The public sector cuts lack a strategic approach and focus on the short term rather than the future, argues Angela O’Connor, CEO of HR consultancy The HR Lounge.
Formerly chief people officer at the National Police Improvement Agency, she has her experience of the public sector to thank for putting her where she is today, and thinks that the Government should think more holistically about how it wields the axe.
I spoke at an employee relations and engagement conference recently. The speakers commented on the pertinent issues of the day and, invariably, discussion moved on to the challenges facing the public sector. The Rt Hon Francis Maude MP spoke about the Government’s view of employee relations.
All the right words were present. There was talk of mutual respect, every job lost being a personal tragedy, the need to make it easier for business to invest, and the recognition that engaging public sector staff was very important.
He also discussed the rights of taxpayers and their demands for efficiency. Fine words indeed, but they rang a little hollow for many members of the audience, including me.
The overall impression given by public sector cuts is of a major disconnect in the approach. The cuts that are being made now will have serious implications for the future and many are concerned that a strategic approach is absent.
Let me give you an example relating to one small area of London that I know well.
The media recently ran a story about Northumberland Park in Tottenham having the highest unemployment rate in London, at 13.7%, often leaving different generations of the same family without incomes. Tottenham is also the area that was the tinderbox for the start of the recent riots in London that led to people losing their homes and businesses, and that caused a national outcry.
Northumberland Park is also the area where I was brought up and where many members of my family still live. When I was a teenager, I left school with few qualifications, but with five passable GCSEs you could find employment, so I began work locally in the civil service. As I moved into local government, it became clear to me that I would need a degree if I wanted to achieve more in my career. Thanks to my local authority employer, I was able to do this. I was sponsored, and, while working full time and juggling childcare, I went to night school two nights a week and eventually earned myself two degrees. These achievements gave me the green light to push ahead with my career and earn enough money to buy property, fund a growing family and contribute to the economy through taxes.
If I were a teenager in Tottenham now, what would my chances be? Government cuts affect education in some of the behind-the-scenes services that voters might not notice. These are often services that enhance the chances of young people and, therefore, national outcomes. The ethnic minority achievement grant is a case in point. This was set aside to end the underachievement of ethnic minority pupils and went to local authorities with large numbers of ethnic minority pupils, to support their individual needs. The teaching support that was available is now no longer ring-fenced, and is disappearing. This will have a damaging effect on the attainment levels of pupils. Due to the cuts, there will not be the jobs available at junior entry level in most public sector bodies, unlike when I was starting out.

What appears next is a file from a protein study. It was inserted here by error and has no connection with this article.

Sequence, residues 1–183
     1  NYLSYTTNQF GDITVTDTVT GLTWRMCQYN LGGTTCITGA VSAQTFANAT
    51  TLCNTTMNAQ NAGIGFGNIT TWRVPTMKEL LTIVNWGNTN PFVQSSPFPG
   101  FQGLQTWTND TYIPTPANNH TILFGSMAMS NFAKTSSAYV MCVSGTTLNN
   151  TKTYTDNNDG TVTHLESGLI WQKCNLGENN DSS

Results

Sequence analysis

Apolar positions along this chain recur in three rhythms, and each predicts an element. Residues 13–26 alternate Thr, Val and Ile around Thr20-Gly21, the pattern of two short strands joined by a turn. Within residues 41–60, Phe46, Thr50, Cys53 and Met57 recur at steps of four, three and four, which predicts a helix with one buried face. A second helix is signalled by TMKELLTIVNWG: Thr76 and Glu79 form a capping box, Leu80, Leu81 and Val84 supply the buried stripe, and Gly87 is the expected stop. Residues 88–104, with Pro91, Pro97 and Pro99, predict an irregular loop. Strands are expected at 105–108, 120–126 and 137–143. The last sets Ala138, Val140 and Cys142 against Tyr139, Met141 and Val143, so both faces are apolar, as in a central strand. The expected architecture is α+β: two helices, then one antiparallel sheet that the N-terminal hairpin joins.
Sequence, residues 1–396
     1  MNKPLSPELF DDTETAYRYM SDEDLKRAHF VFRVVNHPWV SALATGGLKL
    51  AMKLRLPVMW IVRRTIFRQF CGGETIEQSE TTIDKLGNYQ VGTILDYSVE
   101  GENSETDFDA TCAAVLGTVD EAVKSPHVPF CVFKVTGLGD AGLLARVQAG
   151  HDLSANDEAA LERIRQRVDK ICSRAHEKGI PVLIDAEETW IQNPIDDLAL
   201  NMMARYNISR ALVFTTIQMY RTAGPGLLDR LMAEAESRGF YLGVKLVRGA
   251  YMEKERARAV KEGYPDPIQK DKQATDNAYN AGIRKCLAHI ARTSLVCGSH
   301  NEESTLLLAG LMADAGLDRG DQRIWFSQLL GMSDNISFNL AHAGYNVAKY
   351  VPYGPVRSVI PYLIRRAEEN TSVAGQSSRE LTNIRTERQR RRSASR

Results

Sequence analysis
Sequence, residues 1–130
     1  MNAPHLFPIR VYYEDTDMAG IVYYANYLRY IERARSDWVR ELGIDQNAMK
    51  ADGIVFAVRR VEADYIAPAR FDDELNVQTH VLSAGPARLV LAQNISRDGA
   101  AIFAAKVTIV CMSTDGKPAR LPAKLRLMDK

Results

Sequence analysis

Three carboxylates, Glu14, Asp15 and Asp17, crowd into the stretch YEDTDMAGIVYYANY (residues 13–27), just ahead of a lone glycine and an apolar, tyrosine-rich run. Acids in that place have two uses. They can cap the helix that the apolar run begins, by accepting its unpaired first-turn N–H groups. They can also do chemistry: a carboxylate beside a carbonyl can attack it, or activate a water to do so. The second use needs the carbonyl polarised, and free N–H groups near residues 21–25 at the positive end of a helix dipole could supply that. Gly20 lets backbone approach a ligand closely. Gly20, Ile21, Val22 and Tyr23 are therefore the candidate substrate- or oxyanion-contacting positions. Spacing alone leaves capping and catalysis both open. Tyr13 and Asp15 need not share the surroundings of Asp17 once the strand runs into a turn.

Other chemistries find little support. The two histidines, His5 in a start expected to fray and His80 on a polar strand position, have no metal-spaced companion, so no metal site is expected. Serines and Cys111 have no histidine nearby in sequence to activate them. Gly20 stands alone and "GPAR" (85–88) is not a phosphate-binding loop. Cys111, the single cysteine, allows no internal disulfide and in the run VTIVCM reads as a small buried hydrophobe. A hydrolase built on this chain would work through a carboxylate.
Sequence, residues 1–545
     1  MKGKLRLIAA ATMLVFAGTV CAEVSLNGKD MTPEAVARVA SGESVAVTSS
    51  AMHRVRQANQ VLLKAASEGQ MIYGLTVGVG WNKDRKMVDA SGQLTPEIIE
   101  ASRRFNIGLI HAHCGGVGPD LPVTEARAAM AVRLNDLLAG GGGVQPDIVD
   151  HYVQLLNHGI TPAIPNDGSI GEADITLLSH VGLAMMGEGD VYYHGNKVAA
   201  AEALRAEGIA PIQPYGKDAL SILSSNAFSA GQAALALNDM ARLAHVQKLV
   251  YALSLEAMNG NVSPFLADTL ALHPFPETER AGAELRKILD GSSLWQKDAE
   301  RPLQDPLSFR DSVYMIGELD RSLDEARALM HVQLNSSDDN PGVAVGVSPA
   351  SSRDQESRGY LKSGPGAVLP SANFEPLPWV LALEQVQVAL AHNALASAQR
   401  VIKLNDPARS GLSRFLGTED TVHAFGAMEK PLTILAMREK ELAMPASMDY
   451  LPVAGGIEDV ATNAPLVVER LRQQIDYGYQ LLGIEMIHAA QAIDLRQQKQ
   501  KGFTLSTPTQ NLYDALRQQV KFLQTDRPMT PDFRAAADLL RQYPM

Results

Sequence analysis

Further education funding
Funding to support employees in further education is also taking a hit as training and development budgets are squeezed. When government ministers claim that they are cutting “unnecessary waste”, I begin to worry. The reduction of education services, the closing of libraries, the reduction in training and development budgets, and the less than holistic focus on the end result for the nation leave me with concerns.
Don’t get me wrong, there is waste in public services, just as there is any sector. Public sector leaders have spent years working to make services more effective and economic, and have had to reduce staff numbers dramatically when necessary. Difficult decisions are part of any leader’s usual working day. However, the current speed and depth of job losses in the public sector has been challenged by commentators such as John Philpott, chief economist at the CIPD.
Combine the job losses with a lack of planning for skills that will be needed in the future, the high numbers of competent and highly skilled people leaving the public sector and the lack of opportunity for young people and we are faced with an escalating crisis.
I do not doubt that the coalition Government is doing its best to tackle the massive economic problems of this country. However, more emphasis must be placed on giving hope to people, particularly in deprived areas, that they will at some point be able to find work and support their families. They aspire to be part of the solution, rather than always being seen as part of the problem.
The support of the public sector was the foundation for the successful career and life that I enjoy; let’s not deprive others of the same opportunities.